OpenBSD diskless install

Here is a recipe to boot OpenBSD (4.1) from an OpenBSD (4.1) box. This can be used to boot any machine that has no disks and supports pxeboot. The advantage is you save a little money on not buying hard-disks, but on the other hand, the "server" that serves everything must be always on.

This could be a good solution in a clustered environment.

Well, if you decide you would like to play, follow these instructions.

Install an OpenBSD system. This will be your boot-server. Just select generic settings that you prefer.

Here is the IP-scheme I have used:

netmask: (or /24)

When the install is done, modify these files on the boot server to look like this.

First, configure an IP-address.

# cat /etc/hostname.pcn0
# cat /etc/mygate
# cat /etc/resolv.conf
lookup file bind

Then make sure some daemons are started at boot time on the boot server.

# cat /etc/rc.conf.local
# For the PXEBOOT and the OS, DHCP is used.
# After PXEBOOT, the kernel uses rarp to discover its IP-address.
# Then bootparamd to figure out options for mounting things.
# And NFS to serve directories like /root, /usr and swap.
nfsd_flags="-tun 4"

For rarp, add an entry like this to represent the client "diskless". The first column, the mac-address will need to be changed to the mac-address of the client you would like to boot. You can find out a MAC-address of your client by typing ifconfig on it, but you then need some sort of an os. Try a livecd from whatever distribution you like.

# cat /etc/ethers
00:0c:29:ad:c8:32 diskless

Also add this machine to the hosts file. I gave my client the IP-address, change it to anything you like. This IP-address is the address the kernel will boot with.

# cat /etc/hosts diskless

Tell the clients kernel where to get the root directory and swap from.

# cat /etc/bootparams
diskless root= swap=

Configure DHCP. This is used by PXEBOOT, and by the running Operating System, but not by the kernels IP address. It is logical and wise to use the same IP address here and in /etc/ethers, /etc/hosts, but it's not required.

# cat /etc/dhcpd.conf
shared-network LOCAL-NET {
        option  domain-name "my.domain";
        option  domain-name-servers;

        subnet netmask {
                option routers;
                filename "pxeboot";

host diskless {
        hardware ethernet 00:0c:29:ad:c8:32;

Make sure tftp is started in inetd.conf. (I enables only the default, not the ipv6 version.)

# cat /etc/inetd.conf | grep tftp
tftp            dgram   udp     wait    root    /usr/libexec/tftpd      tftpd -s
#tftp           dgram   udp6    wait    root    /usr/libexec/tftpd      tftpd -s

The /tftpboot directory must contain the pxeboot code and an openbsd kernel called bsd. (By the way, replacing that bsd by bsd.rd makes this an install-server!) You can get these file form any openbsd mirror in the pub/OpenBSD/4.1/i386/ directory.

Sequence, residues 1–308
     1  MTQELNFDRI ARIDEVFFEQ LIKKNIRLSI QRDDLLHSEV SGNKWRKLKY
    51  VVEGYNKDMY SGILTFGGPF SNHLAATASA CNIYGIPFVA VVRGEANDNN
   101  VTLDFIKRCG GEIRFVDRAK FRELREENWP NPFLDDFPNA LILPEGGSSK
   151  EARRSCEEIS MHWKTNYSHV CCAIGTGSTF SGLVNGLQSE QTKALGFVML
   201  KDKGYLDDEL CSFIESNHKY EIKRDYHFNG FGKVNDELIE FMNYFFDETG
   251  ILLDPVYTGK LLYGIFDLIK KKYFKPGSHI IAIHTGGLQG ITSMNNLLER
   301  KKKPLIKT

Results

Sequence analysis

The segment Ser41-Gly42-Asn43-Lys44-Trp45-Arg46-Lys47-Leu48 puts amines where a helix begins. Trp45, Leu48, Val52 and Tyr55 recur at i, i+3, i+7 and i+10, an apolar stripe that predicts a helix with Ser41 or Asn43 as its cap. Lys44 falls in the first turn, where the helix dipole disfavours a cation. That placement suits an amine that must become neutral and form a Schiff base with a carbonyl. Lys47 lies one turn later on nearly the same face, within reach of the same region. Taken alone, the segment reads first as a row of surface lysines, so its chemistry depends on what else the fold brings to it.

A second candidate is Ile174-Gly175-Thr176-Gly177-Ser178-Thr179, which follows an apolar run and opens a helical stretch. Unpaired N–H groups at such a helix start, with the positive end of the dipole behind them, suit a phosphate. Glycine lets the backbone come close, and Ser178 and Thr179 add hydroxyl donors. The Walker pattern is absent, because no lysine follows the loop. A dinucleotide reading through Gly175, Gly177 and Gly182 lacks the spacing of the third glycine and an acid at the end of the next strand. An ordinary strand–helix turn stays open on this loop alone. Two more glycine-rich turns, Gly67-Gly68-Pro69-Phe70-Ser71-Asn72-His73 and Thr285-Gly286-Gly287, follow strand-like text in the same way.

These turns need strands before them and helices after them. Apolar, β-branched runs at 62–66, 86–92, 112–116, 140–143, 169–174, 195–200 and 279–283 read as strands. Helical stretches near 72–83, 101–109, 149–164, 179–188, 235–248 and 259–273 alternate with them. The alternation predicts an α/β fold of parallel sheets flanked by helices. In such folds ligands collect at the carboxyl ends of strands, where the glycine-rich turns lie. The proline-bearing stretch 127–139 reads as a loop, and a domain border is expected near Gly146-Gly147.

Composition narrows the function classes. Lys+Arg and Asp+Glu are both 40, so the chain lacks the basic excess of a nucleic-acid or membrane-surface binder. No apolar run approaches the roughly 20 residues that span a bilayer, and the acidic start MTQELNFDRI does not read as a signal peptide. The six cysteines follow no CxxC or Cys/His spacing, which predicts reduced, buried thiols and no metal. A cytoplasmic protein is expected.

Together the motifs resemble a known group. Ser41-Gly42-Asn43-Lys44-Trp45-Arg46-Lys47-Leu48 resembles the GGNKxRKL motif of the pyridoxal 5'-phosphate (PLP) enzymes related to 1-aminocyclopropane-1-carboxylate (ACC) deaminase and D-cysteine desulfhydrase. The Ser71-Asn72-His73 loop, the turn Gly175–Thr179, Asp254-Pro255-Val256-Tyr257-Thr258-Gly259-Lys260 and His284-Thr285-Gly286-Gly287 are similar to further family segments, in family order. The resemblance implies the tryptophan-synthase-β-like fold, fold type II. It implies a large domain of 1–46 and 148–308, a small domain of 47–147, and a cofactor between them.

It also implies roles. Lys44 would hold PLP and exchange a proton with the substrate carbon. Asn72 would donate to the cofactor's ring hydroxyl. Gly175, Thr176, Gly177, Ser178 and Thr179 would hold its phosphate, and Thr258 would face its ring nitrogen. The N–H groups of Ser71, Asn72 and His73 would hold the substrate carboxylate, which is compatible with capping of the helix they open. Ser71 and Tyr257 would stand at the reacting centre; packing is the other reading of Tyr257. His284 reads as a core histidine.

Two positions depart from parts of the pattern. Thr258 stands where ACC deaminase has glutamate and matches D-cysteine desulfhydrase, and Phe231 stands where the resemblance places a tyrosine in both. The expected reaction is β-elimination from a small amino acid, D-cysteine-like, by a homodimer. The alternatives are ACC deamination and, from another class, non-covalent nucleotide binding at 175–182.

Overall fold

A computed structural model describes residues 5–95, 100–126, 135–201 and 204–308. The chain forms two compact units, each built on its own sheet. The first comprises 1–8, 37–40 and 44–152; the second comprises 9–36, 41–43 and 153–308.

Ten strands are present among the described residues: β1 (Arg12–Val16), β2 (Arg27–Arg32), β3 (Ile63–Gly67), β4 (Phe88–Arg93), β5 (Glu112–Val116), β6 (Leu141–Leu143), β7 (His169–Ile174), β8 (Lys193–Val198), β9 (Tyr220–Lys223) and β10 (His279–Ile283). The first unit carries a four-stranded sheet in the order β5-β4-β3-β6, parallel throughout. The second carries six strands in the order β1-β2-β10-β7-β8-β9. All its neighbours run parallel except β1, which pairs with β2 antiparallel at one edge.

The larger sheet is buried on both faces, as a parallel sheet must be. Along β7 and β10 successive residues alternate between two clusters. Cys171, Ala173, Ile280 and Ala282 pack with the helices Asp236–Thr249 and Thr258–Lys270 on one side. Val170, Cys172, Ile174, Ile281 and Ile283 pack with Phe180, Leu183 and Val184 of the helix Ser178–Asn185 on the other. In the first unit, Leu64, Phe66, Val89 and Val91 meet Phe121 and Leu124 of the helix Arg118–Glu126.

# ls /tftpboot

Now export a few filesystems in /etc/exports.

# cat /etc/exports
/export/diskless -maproot=root -alldirs diskless

And create the 128 megabytes swap space like this:

# mkdir -p /export/diskless/root
# dd if=/dev/zero bs=1m count=128 of=/export/diskless/swap

Now you will have to unpack some sets (the minimal base41.tgz and etc41.tgz) into the diskless root and create a few devices. The sets can be downloaded from one of the openbsd mirrors. The devices, like /dev/console also need to be created.

Be aware about the -p option in the tar extract, it preservers permissions and that is required.

# cd /export/diskless/root
# tar -xvzpf base41.tgz
# tar -xvzpf etc41.tgz
# cd dev
# ./MAKEDEV all
# cd ../

Also edit the /export/diskless/root/etc/fstab.     /       nfs     rw      0       0     none    swap    sw,nfsmntpt=/swap

At the end of this all, reboot the server to start everything.

# reboot

When the server is booted, boot up the client and see the magic! Here is an overview of what happens:

  1. The machine boots and runs the built in PXEBOOT.
  2. PXEBOOT will do a DHCP request.
  3. The DHCP server will tell the client it IP-address and what to boot (pxeboot).
  4. The /ftpboot/pxeboot is downloaded using tftp.
  5. The downloaded pxeboot is executed. This downloads the kernel (bsd) and start that kernel.
  6. The bsd kernel does a rarp (/etc/ethers, /etc/hosts, /etc/bootparams) request to find out who he is, and where to get the swap and root filesystem.
  7. The kernel mounts swap and root and starts /sbin/init.
  8. From here on init takes over and normal OpenBSD boot will proceed.

Now check if it boots, there is still a few things to do. Lets set a hostname in /export/diskless/root/myname and set the password.

# echo "diskless" > /export/diskless/root/etc/myname
# chroot /export/diskless/root
# passwd root
Changing local password for root.
New password:
Retype new password:
# exit

Now you are done! have fun with it!

I have installed this setup in a virtual host on my intel mac, you can download a packed-up version of the images and the configuration to peek around. The root password installed on these images is "OpenBSD"
The Vmware Fusion boot-server. (229 Mb packed)
The Vmware Fusion client. (27 Kb packed)